Vertigo is a sensation of spinning or whirling where the subject feels a definite sensation of rotation. Dizziness is more of an imprecise term used to describe symptoms such as faintness, vertigo, disequilibrium, floating sensation, or unsteadiness. Because there are many conditions that can cause these symptoms, the proper course of treatment is dependent on an accurate diagnosis.
Your sense of balance is maintained by a complex interaction of the following parts of the nervous system:
- The inner ear (labyrinth) monitors the direction of movements such as turning, rolling, side-to-side, and up-and-down.
- The eyes monitor where the body is in space, which direction we are moving, and work with input from the inner ear to maintain stable vision.
- Proprioception is the way the body uses information from the muscles and joints to tell us which part of the body is touching the ground.
- The central nervous system (brain and spinal cord) processes all the information from the other systems to maintain balance and equilibrium.
A properly functioning vestibular system helps you to see clearly, know which way is up, know how fast you are moving, and how to make postural changes on uneven surfaces. The symptoms of motion sickness, vertigo, and/or imbalance appear when the central nervous system receives conflicting messages from the other systems.
There are many types of vestibular disorders. Some of these disorders include poor circulation, neurological diseases, Benign Paroxysmal Positional Vertigo (BPPV), infections such as labyrinthitis and neuritis, head trauma, migraine associated vertigo, Meniere’s disease, perilymph fistula, superior canal dehiscence, migraine, allergy and age-related dizziness and imbalance.
When you seek medical attention for a vestibular disorder you will be asked to describe your symptoms and answer questions about your general health. An ENT physician will exam your ears, nose, and throat. Routine testing may be performed to check your blood pressure, nerve and balance function, and hearing. Possible additional tests may include a special test of eye motion after warm and cold aid stimulate the inner ear (VNG – videonystagmography), CT or MRI scans of the head, blood tests or a cardiology work-up. Your physician will determine the best treatment based on your symptoms and the cause. Treatments may include balance exercises and medications.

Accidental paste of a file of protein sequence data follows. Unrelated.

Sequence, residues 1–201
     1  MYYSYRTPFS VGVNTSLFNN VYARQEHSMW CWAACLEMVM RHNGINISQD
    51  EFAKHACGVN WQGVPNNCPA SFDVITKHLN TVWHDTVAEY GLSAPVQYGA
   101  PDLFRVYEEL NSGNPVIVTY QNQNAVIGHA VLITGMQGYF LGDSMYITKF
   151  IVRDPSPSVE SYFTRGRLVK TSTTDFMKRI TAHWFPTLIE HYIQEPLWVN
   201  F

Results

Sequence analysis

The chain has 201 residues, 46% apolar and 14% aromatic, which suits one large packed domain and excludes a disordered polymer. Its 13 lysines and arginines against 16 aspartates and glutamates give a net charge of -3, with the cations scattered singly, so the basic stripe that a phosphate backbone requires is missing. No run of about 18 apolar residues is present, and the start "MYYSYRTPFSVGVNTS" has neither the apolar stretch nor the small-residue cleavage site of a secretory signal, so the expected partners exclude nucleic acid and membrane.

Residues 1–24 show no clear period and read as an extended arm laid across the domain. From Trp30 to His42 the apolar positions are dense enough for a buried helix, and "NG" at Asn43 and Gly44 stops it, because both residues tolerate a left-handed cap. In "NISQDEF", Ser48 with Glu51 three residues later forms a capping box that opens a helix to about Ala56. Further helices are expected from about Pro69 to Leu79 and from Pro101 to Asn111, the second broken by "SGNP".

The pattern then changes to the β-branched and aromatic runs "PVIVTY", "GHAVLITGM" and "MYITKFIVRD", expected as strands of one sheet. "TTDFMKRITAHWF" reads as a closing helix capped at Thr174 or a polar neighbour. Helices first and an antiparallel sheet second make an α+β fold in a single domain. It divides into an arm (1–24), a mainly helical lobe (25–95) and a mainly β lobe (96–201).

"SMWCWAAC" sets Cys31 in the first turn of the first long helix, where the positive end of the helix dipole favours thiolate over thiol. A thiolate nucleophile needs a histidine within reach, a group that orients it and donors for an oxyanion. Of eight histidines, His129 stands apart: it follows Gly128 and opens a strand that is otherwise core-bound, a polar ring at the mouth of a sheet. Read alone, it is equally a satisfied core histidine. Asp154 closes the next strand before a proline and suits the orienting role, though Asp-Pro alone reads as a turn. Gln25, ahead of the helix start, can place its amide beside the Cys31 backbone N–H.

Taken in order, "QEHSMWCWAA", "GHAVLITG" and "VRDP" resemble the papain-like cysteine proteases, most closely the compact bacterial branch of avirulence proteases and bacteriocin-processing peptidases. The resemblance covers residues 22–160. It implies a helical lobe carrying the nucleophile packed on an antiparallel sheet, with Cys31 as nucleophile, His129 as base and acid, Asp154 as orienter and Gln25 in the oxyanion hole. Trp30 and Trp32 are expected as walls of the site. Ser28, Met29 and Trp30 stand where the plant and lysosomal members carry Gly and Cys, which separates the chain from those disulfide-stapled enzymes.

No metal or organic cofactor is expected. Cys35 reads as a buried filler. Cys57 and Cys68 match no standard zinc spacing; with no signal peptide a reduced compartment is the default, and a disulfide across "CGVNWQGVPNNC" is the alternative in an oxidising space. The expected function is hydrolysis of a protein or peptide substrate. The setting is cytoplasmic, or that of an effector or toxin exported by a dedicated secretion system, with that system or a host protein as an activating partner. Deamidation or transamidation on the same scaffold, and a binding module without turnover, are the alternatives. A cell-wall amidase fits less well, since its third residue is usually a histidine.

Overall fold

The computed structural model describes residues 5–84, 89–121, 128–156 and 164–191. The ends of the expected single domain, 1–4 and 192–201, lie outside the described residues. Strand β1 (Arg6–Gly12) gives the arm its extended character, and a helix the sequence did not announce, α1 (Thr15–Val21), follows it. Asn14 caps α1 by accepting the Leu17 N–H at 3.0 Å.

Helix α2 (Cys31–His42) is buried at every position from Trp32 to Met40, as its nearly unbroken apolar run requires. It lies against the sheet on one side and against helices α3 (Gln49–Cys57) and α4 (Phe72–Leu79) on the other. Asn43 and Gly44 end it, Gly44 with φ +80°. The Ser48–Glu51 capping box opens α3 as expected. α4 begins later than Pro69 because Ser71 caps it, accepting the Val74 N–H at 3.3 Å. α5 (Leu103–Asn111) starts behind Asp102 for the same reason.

When to seek medical attention for dizziness/vertigo/imbalance:
Call 911 or go to an emergency room if you experience:
- Dizziness after head injury
- Fever over 101°, headache, or very stiff neck
- Convulsions or ongoing vomiting
- Chest pain, heart palpitations, shortness of breath, weakness, a severe headache, inability to move an arm or leg, change in vision or speech, or
- Fainting and/or loss of consciousness
Consult your ENT physician if you:
- Have never experienced dizziness before
- Experience a difference in symptoms you have had in the past
- Suspect that a medication is causing your symptom, or
- Experiencing hearing loss